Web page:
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Background/Objectives: Carbapenemase-producing Enterobacteriaceae (CPE) are a public health threat, and have been found in humans, animals and the environment. Carbapenems are not authorized for use in EU or UK companion animals, and the prevalence of carbapenem-resistant Gram-negative bacilli (CRGNB) in this population is unknown. Methods: We investigated CRGNB isolated from animal specimens received by one diagnostic laboratory from 34 UK veterinary practices (September 2015-December 2016). Any Gram-negative isolates from clinical specimens showing reduced susceptibility to fluoroquinolones and/or aminoglycosides and/or cephalosporins were investigated phenotypically and genotypically for carbapenemases. A complete genome assembly (Illumina/Nanopore) was generated for the single isolate identified to investigate the genetic context for carbapenem resistance. Results: One ST410 Escherichia coli isolate [(CARB35); 1/191, 0.5%], cultured from a wound in a springer spaniel, harboured a known carbapenem resistance gene (blaNDM-5). The gene was located in the chromosome on an integrated 100 kb IncF plasmid, also harbouring other drug resistance genes (mrx, sul1, ant1 and dfrA). The isolate also contained blaCMY-42 and blaTEM-190 on two separate plasmids (IncI1 and IncFII, respectively) that showed homology with other publicly available plasmid sequences from Italy and Myanmar. Conclusions: Even though the use of carbapenems in companion animals is restricted, the concurrent presence of blaCMY-42 and other antimicrobial resistance genes could lead to co-selection of carbapenemase genes in this population. Further studies investigating the selection and flow of plasmids carrying important resistance genes amongst humans and companion animals are needed.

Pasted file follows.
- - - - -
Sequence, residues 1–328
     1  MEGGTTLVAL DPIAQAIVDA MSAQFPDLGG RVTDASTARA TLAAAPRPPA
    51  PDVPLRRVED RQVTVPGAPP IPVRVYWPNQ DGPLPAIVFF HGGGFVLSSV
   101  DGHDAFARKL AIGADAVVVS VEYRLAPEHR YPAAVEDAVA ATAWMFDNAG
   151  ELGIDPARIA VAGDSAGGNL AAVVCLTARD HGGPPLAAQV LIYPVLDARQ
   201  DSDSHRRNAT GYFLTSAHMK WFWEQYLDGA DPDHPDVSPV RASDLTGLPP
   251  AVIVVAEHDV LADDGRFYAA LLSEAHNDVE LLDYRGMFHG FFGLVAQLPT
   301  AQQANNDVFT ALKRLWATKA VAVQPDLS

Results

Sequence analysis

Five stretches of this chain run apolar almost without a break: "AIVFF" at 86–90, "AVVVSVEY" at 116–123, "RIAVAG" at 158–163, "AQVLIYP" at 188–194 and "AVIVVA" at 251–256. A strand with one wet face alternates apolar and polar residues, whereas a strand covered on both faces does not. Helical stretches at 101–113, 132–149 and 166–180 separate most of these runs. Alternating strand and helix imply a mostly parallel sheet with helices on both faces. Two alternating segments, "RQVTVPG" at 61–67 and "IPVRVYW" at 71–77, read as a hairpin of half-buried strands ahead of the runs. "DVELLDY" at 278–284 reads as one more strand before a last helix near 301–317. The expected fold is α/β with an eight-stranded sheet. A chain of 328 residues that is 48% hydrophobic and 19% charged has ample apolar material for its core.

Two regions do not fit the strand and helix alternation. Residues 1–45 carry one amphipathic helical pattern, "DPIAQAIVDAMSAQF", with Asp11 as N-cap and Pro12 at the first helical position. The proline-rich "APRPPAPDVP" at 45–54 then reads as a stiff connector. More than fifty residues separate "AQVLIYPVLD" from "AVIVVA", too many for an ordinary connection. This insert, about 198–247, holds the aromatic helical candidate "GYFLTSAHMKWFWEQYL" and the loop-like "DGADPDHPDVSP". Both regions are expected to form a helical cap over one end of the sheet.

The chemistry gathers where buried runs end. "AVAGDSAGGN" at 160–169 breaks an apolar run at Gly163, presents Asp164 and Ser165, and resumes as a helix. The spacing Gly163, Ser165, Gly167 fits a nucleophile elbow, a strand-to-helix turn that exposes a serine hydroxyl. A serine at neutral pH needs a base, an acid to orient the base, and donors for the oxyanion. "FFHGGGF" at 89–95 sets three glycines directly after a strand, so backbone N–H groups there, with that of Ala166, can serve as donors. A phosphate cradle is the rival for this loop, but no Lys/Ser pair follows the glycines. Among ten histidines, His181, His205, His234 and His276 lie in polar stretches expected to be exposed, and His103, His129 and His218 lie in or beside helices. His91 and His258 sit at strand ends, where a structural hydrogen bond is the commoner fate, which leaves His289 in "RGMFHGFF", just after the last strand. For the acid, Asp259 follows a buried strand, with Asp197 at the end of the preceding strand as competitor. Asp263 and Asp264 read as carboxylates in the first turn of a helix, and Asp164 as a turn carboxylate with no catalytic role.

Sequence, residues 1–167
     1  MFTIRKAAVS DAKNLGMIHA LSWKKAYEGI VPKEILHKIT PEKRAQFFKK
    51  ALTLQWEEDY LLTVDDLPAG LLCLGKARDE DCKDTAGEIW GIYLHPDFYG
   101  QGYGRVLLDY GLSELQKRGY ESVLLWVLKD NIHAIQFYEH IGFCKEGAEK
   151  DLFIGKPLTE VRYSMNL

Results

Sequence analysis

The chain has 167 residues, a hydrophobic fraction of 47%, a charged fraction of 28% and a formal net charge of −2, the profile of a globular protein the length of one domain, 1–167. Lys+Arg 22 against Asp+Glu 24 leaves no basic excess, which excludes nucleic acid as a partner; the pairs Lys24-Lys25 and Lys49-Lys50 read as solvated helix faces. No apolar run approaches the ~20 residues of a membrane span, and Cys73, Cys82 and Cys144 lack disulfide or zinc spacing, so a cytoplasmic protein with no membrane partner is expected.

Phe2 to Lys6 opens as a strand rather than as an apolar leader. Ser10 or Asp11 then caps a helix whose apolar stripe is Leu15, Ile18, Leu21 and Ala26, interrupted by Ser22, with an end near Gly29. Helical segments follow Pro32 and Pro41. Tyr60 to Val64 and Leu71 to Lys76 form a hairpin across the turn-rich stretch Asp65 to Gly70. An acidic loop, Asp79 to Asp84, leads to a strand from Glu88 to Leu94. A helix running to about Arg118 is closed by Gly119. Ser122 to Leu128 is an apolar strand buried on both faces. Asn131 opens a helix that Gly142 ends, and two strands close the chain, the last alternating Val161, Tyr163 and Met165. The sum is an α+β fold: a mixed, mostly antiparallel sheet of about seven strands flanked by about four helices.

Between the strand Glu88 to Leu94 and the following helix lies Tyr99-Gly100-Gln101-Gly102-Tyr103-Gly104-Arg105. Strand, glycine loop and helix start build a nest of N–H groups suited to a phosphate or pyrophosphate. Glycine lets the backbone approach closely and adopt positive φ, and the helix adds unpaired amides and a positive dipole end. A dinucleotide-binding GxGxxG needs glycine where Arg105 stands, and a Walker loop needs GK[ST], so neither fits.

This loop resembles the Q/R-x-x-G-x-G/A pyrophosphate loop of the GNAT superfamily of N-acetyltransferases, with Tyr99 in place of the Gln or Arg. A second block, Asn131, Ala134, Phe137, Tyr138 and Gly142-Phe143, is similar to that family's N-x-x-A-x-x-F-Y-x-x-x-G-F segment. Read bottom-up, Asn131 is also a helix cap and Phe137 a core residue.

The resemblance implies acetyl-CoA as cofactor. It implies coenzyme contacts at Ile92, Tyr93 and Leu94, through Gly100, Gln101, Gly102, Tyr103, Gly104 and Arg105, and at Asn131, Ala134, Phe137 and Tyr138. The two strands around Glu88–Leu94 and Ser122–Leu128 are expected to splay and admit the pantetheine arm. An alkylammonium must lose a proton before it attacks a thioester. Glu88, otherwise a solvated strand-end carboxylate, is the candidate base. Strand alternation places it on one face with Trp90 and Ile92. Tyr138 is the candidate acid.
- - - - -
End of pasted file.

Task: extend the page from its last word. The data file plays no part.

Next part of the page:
Original publication




Journal article


J Antimicrob Chemother

Publication Date